…the extent to which this anybody-but-Bush syndrome thrives in Europe should not be exaggerated. It is not universal, and Bush can count more statesmen than Tony Blair as friends and allies in Europe. Nor should the older, more generic, less Bush-specific anti-American sentiments of Europeans—though these are strong and durable—be seen as unqualified and unchanging. Just as there are pessimistic, “European”-minded people in America, there are optimistic, “American”-minded people in Europe. Half of the twenty-five governments in the enlarged European Union have been part of the Coalition for Iraqi Freedom. President Chirac of France, who has recently been the source of many anti-American initiatives, is being stalked in his own party by an ambitious young rival for the presidency, Nicolas Sarkozy, who in interviews has been accused of having a soft spot for America. Chirac has also been losing ground in EU politics, where he has failed to get his candidates into high office, and where the French notion of constructing Europe as a "counterweight" or "adversary" to America is rejected as "stupid" by the incoming EU President (the Prime Minister of Portugal, José Manuel Barroso, who has lived and worked in the United States).
It is true that a Kerry victory might help get certain European governments—notably France and Germany—out of the hole they have dug themselves into by leading opposition to American policies in Iraq. (They were not, as they often claim, just offering advice to a friend; they were arrogantly insisting that their friend take that advice.) This helps explain the extent to which these countries are hoping that Bush will lose. But this could work the other way around, too: the re-election of Bush, by reaffirming America’s commitment to the policies it has adopted since September 2001, and thus its will to win the war with Islamofascism, could help change the policies and the personnel of these European governments. The Kerry alternative, indulging Europeans’ anti-Americanism by focusing on some of America’s many faults and mistakes, would be neither an effective nor a healthy way to encourage European-American unity.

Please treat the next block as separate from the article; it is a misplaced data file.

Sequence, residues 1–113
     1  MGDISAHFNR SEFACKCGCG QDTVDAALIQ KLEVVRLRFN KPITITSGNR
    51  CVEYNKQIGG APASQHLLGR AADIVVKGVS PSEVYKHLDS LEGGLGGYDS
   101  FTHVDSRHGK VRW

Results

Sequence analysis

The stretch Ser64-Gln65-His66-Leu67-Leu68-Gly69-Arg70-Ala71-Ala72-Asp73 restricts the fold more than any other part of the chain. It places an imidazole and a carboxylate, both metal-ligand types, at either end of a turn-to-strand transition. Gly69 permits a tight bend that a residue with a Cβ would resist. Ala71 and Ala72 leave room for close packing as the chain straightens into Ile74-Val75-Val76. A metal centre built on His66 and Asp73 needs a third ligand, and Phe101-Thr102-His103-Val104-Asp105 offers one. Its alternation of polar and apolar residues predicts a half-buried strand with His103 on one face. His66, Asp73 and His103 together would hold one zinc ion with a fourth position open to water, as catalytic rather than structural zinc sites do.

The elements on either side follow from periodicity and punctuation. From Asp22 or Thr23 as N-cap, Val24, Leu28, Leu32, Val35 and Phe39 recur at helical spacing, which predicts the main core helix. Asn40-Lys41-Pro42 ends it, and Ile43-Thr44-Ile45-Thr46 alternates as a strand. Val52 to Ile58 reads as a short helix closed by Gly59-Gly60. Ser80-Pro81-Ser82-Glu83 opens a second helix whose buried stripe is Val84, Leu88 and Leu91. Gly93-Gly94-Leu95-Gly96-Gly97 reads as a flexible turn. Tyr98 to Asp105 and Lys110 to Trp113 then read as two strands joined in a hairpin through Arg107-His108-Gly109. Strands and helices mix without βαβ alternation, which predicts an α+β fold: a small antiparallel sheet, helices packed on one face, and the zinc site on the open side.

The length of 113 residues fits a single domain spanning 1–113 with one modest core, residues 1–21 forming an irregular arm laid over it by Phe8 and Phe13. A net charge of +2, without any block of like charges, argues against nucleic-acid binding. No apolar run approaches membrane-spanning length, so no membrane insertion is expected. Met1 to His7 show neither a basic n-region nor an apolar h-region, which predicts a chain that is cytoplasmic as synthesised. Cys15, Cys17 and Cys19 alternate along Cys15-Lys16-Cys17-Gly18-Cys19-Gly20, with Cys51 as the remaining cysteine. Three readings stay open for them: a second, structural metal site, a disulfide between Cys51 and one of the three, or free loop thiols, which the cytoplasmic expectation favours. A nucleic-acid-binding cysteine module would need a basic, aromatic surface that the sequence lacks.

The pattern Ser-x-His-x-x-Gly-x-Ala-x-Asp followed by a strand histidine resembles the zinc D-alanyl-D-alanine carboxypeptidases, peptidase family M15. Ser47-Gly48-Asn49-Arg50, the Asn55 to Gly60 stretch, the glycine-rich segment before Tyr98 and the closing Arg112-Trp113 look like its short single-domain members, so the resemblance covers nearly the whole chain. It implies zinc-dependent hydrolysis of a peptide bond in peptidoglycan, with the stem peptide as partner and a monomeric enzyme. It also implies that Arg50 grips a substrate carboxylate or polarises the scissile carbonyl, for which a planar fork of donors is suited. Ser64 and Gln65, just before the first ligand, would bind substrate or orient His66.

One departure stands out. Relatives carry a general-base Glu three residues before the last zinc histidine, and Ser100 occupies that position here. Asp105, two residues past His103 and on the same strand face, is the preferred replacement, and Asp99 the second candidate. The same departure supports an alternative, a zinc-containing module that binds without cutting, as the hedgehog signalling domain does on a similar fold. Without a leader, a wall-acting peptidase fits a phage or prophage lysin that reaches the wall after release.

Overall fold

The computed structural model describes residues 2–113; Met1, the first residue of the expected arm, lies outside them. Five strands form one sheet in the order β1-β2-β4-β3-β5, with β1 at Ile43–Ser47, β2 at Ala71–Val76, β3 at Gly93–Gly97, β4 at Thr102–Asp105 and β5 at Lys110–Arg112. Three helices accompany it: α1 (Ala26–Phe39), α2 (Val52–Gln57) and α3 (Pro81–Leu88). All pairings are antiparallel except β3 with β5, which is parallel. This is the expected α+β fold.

…European commentators have recognized that such divisions between America and Europe will probably persist whoever wins the presidential election. More than five months ago, The Economist commented that "Mr Kerry might explain American views more tactfully than Mr Bush. He might even do it in French. But transatlantic tensions would endure." Americans should become more aware of this fact, and should not assume that electing Kerry would be a very effective way of easing tensions with Europe. Moreover, as we have seen, if they want to persuade more Europeans and their governments to support American foreign policy—insofar as such persuasion is possible—they should ask themselves whether a re-elected President Bush might be better placed to do that than a new President Kerry.
Thursday, August 26, 2004
Is Bush the Better Peace-With-Europe Candidate?
An American author residing in Europe, John Zvesper is an Adjunct Fellow of the Ashbrook Center for Public Affairs. Here is an editorial of his: